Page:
Mitt Romney’s sparse campaign schedule worries some Republicans


When the political conventions ended in 2008, GOP candidate John McCain bounded around the country like a jack rabbit. In three days, he went from Wisconsin to Michigan to Colorado to New Mexico to Missouri, with multiple campaign appearances in some of those states.

Mitt Romney’s schedule this year has presented quite a contrast.

In his first two days of campaigning after the conventions, Romney visited Iowa, New Hampshire and Virginia, with one stop in each state. Then he went home to Boston and took a day off from the campaign trail.

That, as it turns out, has been Romney’s most active period of campaigning since the presidential contest moved into its crucial post-convention stage. Although his campaign says he is about to accelerate his pace, Romney so far has held far fewer public events than either presidential candidate did four years ago, and has spent a significant amount of time in states — Massachusetts, California, New York, Texas — that are not considered up for grabs in November.

Most of that time has been spent fundraising or preparing for his three coming debates with President Obama. “Gov. Romney’s schedule is packed virtually nonstop with campaign events, fundraisers, debate prep, meeting with voters and all the other things that go into a national campaign,” spokeswoman Andrea Saul said in defending his campaign clip.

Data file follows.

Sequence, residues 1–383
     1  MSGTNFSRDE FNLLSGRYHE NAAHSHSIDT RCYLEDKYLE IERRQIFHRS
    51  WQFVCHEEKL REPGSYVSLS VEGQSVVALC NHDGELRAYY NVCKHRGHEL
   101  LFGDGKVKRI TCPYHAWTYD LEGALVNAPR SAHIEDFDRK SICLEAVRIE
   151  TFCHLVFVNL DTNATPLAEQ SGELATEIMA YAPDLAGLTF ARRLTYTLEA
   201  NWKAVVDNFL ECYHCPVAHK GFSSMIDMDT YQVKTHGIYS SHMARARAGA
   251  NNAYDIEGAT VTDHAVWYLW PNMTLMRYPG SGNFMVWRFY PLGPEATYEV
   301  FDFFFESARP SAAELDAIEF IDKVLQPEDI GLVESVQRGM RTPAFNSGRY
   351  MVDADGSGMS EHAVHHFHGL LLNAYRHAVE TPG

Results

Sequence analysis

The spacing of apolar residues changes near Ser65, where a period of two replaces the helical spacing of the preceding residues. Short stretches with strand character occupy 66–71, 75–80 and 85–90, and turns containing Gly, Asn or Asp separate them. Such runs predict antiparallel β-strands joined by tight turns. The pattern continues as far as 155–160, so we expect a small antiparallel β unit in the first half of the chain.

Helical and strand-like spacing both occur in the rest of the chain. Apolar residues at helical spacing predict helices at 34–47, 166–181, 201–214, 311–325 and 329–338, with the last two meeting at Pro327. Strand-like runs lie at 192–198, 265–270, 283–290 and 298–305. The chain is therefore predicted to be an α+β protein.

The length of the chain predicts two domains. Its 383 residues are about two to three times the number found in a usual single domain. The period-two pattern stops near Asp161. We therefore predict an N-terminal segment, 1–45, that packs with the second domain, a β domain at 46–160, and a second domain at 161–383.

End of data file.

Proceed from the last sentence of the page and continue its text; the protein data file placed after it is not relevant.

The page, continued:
Still, some Republicans are beginning to get restive.

“Of all the times when he needs to be seen talking about the economy and job creation with average Americans ... it’s now,” said John Weaver, a veteran GOP political consultant who served as an advisor to McCain in 2000 and for a portion of his 2008 campaign. “To be doing fundraising events in Costa Mesa and Utah and Texas … they’re going to have to change that. He is the challenger. He’s going to have to work harder.”

Romney aides contend that, as the challenger, he has no choice but to raise more money than Obama. And unlike Obama, Romney had to spend a significant amount of money in a long and hotly contested Republican primary.

Obama has held only slightly more campaign appearances than Romney, but as the sitting president, he has an excuse: He is supposed to be running the country.

The attention garnered for that, of course, is an advantage for any incumbent. Some of Obama’s most effective moments in the public eye lately have been at non-campaign events, such as when he held a solemn ceremony after the bodies of a U.S. ambassador and three other Americans were returned home from Libya.

The president, to be sure, has also spent enormous amounts of time raising campaign cash, usually in states — California, New York — that he is certain to win and where he has no need to campaign.

“The fundraising pressures on both campaigns are tremendous,” said Dan Schnur, a former Republican political consultant who now runs the Jesse M. Unruh Institute of Politics at USC. “Romney’s in Texas, Obama’s in New York. They’re both spending a lot of time in places where there is a lot more money available to them than votes.”

Romney’s busy fundraising schedule comes despite the fact that his campaign is flush with cash. Together with the Republican National Committee, it had $168.5 million in the bank at the end of August. In each of the last three months, Romney’s campaign raked in more than $100 million.